Our childhood wounds : B.R.A.H.I.P.I!

« We are contemporary in our most ancient pains. »
Henry Bonnier, Journal of a conversion, Rocher 2005
This small text is without any other pretence than to remind the main childhood wounds (psychic or moral) that we are all bearers of. And to offer a small aide-mémoire – that is worth what is worth – to recall them more easily. I will confine myself to consider wounds derived from everyone’s personal and singular story. I differentiate them from pain inherent to life – in general, and to the relationship life in particular. They are linked to the inescapable and necessary experiences of differentiation, separation, individuation, etc.


We all come from the country of our chilhood1. Of this time-space of our life, we keep happy and pacified memories, but also long-lived although inactive and dormant traces – always ready to be revived, all life long – of painful or dissatisfied experiences, registered under more or less elaborated forms, between body’s memory and unconscious or “preconscious” representations. These survivals of the past are sources of excitement, irritability or sensitiveness ready to emerge under certain favourable conditions (if they should be isomorphic to the circumstances that prevailed to their forming originally).

« I believe, says Jacques Salomé2, that wounds received in childhood are never healed. They can be pacified, even form a scar, but they always remain ready to become inflamed if an event or a situation awakens or stimulates them. When we say that we are feeling well, that we are reconciled with ourselves, it simply means that our primary wounds are resting, that they are not inflamed. »

Jacques Salomé often evokes these wounds which he calls, « primary », sometimes « archaic ». I will not discuss in this editorial, the adjective «primary», or, especially, the sense of the word «archaic» which would deserve in itself some developments. I will use for convenience, the current wording « childhood wounds » that the author has, by the way, also used in “Vivre avec soi. Chaque jour la vie
3

« What are, exactly, these main wounds that Jacques Salomé talks about? »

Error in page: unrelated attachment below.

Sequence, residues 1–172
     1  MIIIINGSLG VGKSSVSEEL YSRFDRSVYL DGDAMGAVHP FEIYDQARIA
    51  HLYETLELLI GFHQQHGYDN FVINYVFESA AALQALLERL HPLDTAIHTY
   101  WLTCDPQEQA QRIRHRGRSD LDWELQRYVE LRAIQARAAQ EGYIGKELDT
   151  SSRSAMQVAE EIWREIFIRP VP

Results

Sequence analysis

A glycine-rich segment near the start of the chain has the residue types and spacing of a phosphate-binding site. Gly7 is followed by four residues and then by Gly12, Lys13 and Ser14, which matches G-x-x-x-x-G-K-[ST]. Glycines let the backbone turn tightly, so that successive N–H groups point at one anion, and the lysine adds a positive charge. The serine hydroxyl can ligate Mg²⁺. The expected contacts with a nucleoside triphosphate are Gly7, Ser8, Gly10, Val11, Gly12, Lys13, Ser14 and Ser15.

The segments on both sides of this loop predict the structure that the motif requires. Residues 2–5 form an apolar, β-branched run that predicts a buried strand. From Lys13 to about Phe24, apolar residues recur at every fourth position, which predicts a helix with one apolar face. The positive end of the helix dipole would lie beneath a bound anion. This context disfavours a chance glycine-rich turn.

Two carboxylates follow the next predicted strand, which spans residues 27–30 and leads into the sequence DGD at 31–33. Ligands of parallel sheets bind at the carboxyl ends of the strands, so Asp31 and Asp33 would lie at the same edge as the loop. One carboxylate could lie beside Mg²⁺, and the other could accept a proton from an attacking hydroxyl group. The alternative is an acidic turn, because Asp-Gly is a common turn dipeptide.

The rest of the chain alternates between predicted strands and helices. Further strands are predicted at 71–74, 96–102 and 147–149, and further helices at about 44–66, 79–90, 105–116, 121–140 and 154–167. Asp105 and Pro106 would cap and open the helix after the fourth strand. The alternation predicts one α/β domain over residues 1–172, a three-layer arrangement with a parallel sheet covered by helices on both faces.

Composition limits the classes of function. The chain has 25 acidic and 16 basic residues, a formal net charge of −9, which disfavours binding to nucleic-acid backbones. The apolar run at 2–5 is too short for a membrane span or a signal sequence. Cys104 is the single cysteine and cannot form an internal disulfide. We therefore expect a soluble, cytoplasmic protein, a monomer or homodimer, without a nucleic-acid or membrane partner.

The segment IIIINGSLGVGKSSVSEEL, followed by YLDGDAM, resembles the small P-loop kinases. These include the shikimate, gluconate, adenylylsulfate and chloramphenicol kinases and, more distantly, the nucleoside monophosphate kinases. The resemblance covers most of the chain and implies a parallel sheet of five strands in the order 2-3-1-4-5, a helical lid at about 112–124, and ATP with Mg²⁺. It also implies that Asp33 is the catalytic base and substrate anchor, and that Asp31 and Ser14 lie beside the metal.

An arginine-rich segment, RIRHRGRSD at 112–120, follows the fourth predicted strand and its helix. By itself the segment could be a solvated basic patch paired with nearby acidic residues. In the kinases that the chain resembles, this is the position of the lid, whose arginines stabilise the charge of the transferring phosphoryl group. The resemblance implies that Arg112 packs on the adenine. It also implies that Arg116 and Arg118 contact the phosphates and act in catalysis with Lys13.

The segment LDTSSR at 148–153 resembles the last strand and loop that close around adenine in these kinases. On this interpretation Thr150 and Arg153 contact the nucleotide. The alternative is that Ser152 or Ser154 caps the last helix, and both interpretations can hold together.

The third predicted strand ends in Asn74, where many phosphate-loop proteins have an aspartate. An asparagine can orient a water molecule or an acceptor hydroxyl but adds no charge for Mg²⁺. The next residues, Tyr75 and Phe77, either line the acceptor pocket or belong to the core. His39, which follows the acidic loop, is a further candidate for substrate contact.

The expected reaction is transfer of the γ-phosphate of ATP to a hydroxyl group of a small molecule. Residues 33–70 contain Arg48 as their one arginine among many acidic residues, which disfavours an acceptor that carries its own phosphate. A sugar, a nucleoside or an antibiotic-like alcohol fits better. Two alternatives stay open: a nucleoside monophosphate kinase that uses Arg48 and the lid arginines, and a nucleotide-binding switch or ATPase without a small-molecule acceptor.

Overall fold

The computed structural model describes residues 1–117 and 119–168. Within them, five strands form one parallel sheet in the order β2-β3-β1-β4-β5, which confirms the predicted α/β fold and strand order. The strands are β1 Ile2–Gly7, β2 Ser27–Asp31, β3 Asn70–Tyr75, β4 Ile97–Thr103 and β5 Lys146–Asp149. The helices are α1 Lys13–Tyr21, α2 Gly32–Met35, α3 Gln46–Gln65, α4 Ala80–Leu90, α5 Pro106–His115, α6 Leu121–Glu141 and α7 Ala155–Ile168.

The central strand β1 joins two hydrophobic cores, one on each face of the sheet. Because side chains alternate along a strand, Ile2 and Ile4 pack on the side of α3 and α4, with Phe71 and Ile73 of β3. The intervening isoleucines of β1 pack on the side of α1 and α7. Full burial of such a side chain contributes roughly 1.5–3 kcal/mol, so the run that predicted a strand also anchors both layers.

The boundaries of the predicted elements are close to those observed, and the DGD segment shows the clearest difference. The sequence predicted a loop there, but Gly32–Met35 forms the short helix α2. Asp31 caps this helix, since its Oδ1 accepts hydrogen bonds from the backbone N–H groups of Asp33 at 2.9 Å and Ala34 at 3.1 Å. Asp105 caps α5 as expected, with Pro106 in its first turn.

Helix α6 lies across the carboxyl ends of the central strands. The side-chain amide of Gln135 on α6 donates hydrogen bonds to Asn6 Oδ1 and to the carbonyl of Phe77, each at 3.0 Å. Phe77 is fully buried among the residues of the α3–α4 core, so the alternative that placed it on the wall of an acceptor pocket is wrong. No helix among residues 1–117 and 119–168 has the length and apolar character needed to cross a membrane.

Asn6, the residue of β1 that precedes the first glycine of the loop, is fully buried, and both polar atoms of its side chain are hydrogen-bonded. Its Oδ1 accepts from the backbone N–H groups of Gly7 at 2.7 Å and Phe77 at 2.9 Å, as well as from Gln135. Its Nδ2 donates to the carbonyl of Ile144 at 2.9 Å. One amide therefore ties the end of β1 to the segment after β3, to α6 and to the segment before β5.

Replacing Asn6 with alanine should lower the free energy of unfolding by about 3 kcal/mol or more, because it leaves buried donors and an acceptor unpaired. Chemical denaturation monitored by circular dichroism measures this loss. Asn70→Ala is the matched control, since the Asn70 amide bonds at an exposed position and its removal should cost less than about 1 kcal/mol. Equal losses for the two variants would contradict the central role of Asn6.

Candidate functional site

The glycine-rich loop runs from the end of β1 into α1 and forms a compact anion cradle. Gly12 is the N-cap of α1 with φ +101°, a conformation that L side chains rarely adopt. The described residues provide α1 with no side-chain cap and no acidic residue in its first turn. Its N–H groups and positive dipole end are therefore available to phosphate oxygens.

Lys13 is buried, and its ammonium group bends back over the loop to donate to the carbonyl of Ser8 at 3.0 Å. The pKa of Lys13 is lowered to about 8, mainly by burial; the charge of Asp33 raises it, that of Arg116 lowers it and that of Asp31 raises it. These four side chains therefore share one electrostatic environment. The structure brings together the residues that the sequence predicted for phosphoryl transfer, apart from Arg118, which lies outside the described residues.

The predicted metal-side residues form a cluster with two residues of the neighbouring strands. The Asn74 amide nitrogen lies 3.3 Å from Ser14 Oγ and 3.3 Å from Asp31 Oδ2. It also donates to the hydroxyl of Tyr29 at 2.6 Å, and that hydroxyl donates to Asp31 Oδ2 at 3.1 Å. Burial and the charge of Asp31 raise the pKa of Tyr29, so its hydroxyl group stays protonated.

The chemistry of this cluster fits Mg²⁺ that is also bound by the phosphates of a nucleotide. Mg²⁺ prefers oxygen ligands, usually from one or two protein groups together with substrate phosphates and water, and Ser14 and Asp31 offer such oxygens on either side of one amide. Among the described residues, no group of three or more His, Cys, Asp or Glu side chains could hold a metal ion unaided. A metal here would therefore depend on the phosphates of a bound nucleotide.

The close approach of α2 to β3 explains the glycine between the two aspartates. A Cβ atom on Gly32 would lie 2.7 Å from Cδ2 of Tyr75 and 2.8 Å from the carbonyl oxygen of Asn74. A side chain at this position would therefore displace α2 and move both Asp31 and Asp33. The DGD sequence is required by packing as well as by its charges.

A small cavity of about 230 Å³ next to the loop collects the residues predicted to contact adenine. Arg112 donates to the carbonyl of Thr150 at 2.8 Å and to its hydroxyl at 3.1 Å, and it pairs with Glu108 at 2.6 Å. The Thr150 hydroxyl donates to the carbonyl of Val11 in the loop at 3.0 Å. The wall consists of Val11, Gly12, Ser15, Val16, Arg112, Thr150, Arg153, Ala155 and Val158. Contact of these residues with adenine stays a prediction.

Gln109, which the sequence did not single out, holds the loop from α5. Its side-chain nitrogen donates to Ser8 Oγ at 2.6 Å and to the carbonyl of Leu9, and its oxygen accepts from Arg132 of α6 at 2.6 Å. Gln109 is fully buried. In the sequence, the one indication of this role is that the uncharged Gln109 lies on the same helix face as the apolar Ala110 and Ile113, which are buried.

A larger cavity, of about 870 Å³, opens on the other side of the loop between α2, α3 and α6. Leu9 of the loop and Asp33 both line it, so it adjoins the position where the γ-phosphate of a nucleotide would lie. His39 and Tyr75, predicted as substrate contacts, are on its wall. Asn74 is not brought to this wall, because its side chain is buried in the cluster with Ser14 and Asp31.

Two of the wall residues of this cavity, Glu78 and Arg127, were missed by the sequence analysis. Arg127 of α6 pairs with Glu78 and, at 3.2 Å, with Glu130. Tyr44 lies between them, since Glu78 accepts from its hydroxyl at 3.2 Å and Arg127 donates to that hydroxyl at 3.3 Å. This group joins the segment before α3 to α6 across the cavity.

It happened many times to me, these last few years, to look for a mnemonic mean to remember them or to facilitate memorizing them for those who were sometimes asking me that question.

Nothing pertinent had come to mind until then. I was always succeeding, on average, to reconstitute that list, but sometimes I had to make an effort to achieve naming them all without forgetting any. And then, recently, I found a small trick.
I must say that I had participated a few days before, to an interview evening organised by my favourite  bookstore, with the writer Sorj Chalandon, for the promotion of his last book « Mon traître »4. The evening was charged with emotions during which the author, still very shattered by the real-life experience he relates in this novel, entrusted to share about his childhood history and betrayals that went through it. The presenter pointed out to him, that beyond his terrible history of reporter to the Liberation who covered the Irish conflict, everybody could identify to his hero. I had the occasion to remind that betrayal is part of main childhood wounds that we all suffered up to some different degrees.
Deep into the reading of « Mon traître », the state of sensitivity and the absorption by this thematic which resided in me during the following week, certainly did an underground work without my knowledge. But the fact remains that this particular context contributed to put some order in my ideas: I heard myself pronouncing in my mind the evocative acronym T.R.A.H.I.I.I. (note: this word means Betrayal in French; the closest English version would be B.R.A.H.I.P.I. although it has no real meaning in English). It would mean here

B as Betrayal
R as Reject
A as Abandonment
H as Humiliation
I as Injustice
P as Powerlessness
I as Intrusion

There is in each one of us, a very particular vulnerability to life experiences. We all have our out of proportion reactions, and this propensity to feel the tickling or the untimely awakening of these wounds that infuriate us, make us wild with rage. Sometimes it will be in reaction to attitudes of others or sometimes even, from « nothing » which play a role of triggering element: a look, a simple word (or subjects that make angry), a gesture evaded by someone in our direction, or an inattention from a close one (a forgotten anniversary) or less close one (somebody who pass in front of you at the supermarket or elsewhere). One or the other of these wounds (or of their variances) concerns us: betrayal (or deceit), reject (or exclusion), abandonment, humiliation (or shame), powerlessness, injustice, intrusion (in intimacy for example).
Do you know which one is or are yours?

Maryse Legrand

1 Car nous venons tous du pays de notre enfance, Jacques Salomé, Albin Michel 2000
2 in Je mourrai avec mes blessures, Éditions Jouvence 2002, p 18
3 Les Éditions de l’Homme, 2003, p 69 « À l’écoute de nos blessures d’enfance »
4 Published by Editions Grasset in December 2007